Tuesday, November 18, 2008

Regina Correctional Centre: Briefing notes and news stories following the escape of six inmates on Aug. 24, 2008 raise troubling questions

News stories and briefing notes obtained from the Ministry of Corrections, Public Safety and Policing under The Freedom of Information and Protection of Privacy Act regarding the escape of six inmates from the Regina Correctional Centre earlier this year raise a number of troubling questions.

On Sunday, Aug. 24, 2008, at approximately 9:35 p.m., six inmates escaped from a remand unit at the Regina Correctional Centre.

According to the Leader-Post at “a hastily assembled news conference” on the afternoon of Aug. 25, 2008, the RCMP said five of the inmates were presumed to be “dangerous and possibly armed.”

A sixth escapee was arrested on the eastern outskirts of Regina late Sunday night. His name had not yet been released by RCMP.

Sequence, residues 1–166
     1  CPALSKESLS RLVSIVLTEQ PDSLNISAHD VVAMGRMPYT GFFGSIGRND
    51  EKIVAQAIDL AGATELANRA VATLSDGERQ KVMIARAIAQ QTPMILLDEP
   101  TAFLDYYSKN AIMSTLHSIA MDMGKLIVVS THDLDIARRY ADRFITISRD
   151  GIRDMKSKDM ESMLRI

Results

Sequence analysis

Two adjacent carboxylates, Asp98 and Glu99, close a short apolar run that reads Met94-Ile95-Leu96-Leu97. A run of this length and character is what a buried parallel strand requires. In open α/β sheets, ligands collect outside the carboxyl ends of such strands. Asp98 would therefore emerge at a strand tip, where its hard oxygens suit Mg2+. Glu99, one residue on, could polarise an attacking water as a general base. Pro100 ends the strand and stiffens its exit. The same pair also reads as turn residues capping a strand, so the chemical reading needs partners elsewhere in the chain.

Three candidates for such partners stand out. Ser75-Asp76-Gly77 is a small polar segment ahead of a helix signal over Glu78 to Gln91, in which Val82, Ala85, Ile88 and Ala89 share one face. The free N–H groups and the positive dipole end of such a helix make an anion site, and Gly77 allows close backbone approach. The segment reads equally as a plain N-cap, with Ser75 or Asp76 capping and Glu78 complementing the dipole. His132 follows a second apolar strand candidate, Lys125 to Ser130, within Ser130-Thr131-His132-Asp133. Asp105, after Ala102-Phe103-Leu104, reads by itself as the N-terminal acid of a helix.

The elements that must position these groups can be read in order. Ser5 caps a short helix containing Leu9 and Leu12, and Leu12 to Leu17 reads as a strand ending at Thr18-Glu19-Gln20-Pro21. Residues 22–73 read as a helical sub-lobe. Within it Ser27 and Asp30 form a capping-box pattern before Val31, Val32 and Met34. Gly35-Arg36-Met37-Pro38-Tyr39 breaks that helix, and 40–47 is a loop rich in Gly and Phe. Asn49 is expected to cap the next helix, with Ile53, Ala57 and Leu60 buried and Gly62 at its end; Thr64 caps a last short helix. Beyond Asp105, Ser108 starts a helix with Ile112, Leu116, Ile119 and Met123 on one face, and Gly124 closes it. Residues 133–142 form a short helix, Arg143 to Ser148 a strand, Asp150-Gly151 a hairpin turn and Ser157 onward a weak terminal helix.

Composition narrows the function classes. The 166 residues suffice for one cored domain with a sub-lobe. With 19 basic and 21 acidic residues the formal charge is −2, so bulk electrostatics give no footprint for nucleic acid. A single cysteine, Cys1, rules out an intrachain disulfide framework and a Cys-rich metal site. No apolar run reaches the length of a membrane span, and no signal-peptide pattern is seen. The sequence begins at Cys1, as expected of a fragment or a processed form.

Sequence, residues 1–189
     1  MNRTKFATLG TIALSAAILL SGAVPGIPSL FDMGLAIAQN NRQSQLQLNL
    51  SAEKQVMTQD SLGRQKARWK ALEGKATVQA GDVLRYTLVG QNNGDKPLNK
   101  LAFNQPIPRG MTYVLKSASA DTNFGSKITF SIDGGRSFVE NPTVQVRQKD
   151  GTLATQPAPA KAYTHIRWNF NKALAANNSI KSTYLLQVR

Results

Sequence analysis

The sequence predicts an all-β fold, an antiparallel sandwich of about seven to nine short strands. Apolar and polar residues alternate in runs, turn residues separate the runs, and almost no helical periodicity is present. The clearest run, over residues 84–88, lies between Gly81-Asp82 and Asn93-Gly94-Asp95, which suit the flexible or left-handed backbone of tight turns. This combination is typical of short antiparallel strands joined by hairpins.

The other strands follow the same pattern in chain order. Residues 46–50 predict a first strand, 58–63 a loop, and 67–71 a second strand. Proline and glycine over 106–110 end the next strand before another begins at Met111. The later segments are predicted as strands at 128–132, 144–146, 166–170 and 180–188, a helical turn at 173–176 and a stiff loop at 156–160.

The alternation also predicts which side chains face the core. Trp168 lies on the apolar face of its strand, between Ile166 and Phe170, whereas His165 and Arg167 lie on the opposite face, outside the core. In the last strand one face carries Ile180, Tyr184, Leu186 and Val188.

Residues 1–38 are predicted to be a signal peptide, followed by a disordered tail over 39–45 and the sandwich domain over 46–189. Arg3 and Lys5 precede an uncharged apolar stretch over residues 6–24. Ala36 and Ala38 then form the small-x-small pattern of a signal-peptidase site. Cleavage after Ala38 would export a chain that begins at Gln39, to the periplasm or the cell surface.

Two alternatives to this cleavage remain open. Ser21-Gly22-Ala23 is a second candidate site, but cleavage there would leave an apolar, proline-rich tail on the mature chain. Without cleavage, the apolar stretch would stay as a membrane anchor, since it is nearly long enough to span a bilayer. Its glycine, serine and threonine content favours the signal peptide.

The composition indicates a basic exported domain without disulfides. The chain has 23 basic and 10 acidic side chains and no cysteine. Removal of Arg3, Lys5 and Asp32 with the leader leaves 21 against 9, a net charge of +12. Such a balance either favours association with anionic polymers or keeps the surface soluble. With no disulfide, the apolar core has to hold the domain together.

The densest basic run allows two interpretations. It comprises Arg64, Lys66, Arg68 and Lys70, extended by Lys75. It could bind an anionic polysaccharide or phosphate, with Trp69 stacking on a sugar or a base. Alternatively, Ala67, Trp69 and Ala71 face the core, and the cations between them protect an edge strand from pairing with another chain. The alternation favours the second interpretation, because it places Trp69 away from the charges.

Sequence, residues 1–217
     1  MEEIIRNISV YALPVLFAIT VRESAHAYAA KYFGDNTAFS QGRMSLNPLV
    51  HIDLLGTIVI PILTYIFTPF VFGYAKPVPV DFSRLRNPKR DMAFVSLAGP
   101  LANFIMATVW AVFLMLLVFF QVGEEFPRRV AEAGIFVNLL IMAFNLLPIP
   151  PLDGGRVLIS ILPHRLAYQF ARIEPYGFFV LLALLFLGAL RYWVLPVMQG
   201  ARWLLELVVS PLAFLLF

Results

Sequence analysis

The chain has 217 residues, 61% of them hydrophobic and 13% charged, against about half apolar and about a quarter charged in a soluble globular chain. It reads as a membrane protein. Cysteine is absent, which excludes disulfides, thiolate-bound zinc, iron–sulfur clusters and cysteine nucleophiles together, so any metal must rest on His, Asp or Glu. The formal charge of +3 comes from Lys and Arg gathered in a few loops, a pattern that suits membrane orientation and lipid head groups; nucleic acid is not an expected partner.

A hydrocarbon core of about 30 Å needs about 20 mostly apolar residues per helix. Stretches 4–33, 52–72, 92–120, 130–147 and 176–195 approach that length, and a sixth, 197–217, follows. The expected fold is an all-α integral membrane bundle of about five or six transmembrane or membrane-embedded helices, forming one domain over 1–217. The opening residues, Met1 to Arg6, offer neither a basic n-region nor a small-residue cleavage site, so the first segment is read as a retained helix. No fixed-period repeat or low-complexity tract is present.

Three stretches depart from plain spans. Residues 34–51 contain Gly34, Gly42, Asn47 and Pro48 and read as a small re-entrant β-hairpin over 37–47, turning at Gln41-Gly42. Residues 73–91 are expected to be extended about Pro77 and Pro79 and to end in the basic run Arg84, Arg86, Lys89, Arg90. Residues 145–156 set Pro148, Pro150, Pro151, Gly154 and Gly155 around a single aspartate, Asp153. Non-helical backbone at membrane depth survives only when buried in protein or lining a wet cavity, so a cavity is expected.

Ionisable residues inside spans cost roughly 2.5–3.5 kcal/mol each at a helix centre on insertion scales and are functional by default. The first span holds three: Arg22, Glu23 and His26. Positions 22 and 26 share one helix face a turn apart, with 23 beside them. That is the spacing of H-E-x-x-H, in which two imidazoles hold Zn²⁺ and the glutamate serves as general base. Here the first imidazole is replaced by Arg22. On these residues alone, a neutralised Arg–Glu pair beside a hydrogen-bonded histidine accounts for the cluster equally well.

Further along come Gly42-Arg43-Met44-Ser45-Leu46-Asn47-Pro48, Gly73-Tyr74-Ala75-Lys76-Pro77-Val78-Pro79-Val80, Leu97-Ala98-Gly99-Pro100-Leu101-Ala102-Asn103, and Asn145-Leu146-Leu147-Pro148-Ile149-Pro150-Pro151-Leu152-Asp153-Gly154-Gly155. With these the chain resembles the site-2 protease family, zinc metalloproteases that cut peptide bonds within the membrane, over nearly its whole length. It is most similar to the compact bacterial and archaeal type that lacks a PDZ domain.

Questioned on why it took the RCMP about 15 hours to notify the public that five potentially dangerous inmates were on the loose, [RCMP spokesman Sgt. Doug] Coleman said it took time to confirm who had escaped and assemble the information for the media.

Later in the day, Corrections, Public Safety and Policing Minister Darryl Hickie said he is concerned that the public wasn’t made aware of the prisoners’ escape earlier, and said government policy is being changed to ensure people are informed faster.

Tammy Kirkland, executive director of adult corrections, would not elaborate on how the men were able to escape from the facility and said corrections officials are doing an internal investigation of the matter. [Accused killers among escapees (Leader-Post, Aug. 26, 2008)]